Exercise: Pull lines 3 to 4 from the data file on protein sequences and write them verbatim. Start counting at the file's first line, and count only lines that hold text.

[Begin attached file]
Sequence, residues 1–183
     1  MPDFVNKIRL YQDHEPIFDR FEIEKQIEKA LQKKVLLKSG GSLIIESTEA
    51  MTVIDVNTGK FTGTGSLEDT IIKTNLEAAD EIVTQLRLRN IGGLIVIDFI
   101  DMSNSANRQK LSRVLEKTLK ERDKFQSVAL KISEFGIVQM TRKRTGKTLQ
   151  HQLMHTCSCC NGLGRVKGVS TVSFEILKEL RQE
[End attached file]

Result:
    51  MTVIDVNTGK FTGTGSLEDT IIKTNLEAAD EIVTQLRLRN IGGLIVIDFI
   101  DMSNSANRQK LSRVLEKTLK ERDKFQSVAL KISEFGIVQM TRKRTGKTLQ